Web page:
Interview with Natalia Koga
Through the Green Outlet Program, students and staff can recycle materials that cannot go into single-stream recycling, and would otherwise go to the landfill. The Program consists of six compartment waste collection systems that are placed in the reslife offices. Using the compartments we collect batteries, ink cartridges, air cushions, writing instruments, water filters, and electronic waste. Once the bins are full, the Econauts team in HDH will then collect the waste and source the waste properly for disposal.
When I was coming up with this project, I had done hours of research, looking at the factors that contribute to recycling. I had researched different processes and programs in other countries like Sweden, for example, and tried to understand what they have done to make it more compelling for people to mitigate their trash. I found that there were two major factors impacting an individual’s will to recycle–availability and time. If the resource isn’t there to collect or source items, it becomes very hard to even think to properly mitigate non-recyclable items. Those who are more aware and passionate about sustainability might look for outside sources, but most people aren’t aware so they won’t know to look.
The second issue is time. Time is precious, and if it requires a person to go “out of the way,” it’s inconvenient. UC San Diego, in fact, has many resources to collect these items already, but because they’re in specific locations spread around campus, it’s inconvenient for most students. More so, these locations are less known because they’re not the center of student involvement.
So that’s when I thought about making some sort of system that will be more convenient and more readily available at locations centered around student involvement. I was inspired by the Sustainability Resource Center‘s bin collection in their office, and I wanted to take what they did and apply it for HDH housing, the department that I worked for. Thereafter, it wasn’t long before I created a proposal, sorting out all the details and limitations that I then proposed to my manager.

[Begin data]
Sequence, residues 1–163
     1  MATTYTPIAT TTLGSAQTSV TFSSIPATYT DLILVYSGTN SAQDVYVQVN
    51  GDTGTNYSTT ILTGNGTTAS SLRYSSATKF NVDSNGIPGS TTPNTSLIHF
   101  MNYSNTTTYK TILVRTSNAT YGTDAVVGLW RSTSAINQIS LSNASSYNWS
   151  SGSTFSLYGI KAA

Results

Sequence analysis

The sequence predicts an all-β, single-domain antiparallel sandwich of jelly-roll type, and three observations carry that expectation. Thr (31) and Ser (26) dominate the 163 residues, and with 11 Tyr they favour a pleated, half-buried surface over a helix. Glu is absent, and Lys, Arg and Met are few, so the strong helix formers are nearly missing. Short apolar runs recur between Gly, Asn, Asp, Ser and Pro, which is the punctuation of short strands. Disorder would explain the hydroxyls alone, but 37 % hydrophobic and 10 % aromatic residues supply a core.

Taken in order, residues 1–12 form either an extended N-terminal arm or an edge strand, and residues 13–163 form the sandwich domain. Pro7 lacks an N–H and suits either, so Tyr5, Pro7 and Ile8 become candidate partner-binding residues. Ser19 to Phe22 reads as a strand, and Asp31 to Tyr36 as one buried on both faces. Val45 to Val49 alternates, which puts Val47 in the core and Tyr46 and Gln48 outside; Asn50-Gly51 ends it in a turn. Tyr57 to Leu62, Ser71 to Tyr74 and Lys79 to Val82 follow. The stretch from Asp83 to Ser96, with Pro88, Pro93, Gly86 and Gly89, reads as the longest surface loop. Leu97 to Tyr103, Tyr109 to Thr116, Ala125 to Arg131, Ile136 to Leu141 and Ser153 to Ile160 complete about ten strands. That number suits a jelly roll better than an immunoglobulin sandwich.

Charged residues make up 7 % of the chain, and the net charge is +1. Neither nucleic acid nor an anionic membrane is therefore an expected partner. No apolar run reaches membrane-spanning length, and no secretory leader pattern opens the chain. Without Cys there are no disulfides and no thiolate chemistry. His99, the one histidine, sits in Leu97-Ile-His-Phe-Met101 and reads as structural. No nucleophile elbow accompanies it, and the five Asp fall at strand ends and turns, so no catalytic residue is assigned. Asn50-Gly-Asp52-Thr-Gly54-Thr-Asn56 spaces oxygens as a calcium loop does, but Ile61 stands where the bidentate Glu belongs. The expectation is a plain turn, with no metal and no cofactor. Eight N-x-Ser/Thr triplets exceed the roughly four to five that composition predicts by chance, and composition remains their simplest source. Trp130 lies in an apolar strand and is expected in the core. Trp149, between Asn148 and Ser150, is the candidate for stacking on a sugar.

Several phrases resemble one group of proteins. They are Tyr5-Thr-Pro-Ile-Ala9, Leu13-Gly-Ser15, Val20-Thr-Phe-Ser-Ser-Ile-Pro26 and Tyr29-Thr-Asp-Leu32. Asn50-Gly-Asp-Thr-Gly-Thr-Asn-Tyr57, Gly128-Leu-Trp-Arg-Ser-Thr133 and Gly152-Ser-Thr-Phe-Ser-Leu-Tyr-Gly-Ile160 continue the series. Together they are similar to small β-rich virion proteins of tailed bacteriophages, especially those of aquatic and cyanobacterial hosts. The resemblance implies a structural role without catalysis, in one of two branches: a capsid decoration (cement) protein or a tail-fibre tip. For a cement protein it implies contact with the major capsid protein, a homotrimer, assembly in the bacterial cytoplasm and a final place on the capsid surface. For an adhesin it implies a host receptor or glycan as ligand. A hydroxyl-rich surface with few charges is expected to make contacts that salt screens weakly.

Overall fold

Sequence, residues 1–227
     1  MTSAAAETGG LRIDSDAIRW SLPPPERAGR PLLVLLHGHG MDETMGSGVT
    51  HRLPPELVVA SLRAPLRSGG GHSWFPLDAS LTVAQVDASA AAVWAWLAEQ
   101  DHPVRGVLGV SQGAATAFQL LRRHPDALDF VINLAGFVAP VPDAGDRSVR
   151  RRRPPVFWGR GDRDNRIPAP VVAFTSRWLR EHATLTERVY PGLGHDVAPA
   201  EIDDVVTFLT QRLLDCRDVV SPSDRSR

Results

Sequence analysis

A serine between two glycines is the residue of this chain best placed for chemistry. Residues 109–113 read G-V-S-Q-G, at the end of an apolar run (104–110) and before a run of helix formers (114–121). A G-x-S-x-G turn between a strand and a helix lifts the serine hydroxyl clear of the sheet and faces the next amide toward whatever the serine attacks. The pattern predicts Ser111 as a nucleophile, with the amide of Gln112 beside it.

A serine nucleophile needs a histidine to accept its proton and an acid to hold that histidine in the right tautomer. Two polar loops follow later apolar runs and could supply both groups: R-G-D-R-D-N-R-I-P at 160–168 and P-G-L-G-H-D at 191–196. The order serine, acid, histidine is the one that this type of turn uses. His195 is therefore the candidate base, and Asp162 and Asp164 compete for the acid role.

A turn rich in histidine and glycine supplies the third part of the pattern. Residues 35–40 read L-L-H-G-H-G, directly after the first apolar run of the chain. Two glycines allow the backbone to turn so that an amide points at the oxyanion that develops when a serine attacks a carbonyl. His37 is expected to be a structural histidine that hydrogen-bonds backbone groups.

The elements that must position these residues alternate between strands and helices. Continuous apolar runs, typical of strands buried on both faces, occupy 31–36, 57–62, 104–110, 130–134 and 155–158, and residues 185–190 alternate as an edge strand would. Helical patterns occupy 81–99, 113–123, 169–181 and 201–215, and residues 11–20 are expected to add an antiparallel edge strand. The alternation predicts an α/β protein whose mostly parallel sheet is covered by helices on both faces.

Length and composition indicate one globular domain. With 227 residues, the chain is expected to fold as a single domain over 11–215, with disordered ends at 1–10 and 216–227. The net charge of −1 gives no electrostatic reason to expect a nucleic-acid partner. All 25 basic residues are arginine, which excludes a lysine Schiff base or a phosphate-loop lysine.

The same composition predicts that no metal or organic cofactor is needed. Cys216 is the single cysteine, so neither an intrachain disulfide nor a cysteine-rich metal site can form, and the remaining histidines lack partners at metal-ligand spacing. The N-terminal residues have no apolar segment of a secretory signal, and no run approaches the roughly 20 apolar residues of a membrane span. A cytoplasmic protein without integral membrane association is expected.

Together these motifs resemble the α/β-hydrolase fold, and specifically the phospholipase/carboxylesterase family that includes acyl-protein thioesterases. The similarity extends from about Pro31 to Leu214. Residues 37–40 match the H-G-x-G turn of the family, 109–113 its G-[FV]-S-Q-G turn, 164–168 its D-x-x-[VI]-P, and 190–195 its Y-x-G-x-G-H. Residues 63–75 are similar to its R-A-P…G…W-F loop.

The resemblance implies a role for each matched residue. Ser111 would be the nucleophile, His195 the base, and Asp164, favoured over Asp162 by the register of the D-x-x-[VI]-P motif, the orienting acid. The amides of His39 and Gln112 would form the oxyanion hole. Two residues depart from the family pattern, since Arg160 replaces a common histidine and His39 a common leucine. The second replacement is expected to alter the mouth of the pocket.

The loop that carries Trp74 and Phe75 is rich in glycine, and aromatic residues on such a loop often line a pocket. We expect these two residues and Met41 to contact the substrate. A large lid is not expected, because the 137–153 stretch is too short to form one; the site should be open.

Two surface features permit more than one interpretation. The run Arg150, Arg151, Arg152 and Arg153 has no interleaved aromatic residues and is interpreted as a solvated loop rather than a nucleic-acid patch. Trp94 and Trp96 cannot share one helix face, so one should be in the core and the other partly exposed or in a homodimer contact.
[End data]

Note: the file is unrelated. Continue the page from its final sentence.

After my proposal was accepted, it didn’t take long to get the project off the ground and into reslife offices. The program exists in two reslife offices so far, Revelle and the Village. We hope to be able to have the program bins in every reslife office, and maybe even one day spread to other departments. This waste does not have a place inside our landfills and cannot be easily diverted here on campus. This project’s objectives is to provide closer outlets to students for proper disposal of particular waste, to promote utilization of resources on campus, and to promote sustainable practices.
I actually have passed this project along to another team member of mine, as I decided to depart the Econaut‘s team to pursue other goals. With that said, I am so excited to see where the Econauts take the program and I hope students will get to hear more about what the Econauts at HDH do because they’re doing great things!
My message to students would be to stay aware of how their waste systems work and stay mindful about how their practices affect the community. Every person’s actions are a contribution to a bigger cause, in some way or another. A person’s trash doesn’t end when they toss it in a bin–it lives to another place, another landfill, another ocean. The initiative to be more sustainable and a waste-free campus starts with us, the people. And I hope with the Green Outlet Program, it will help others to change where their contribution leads.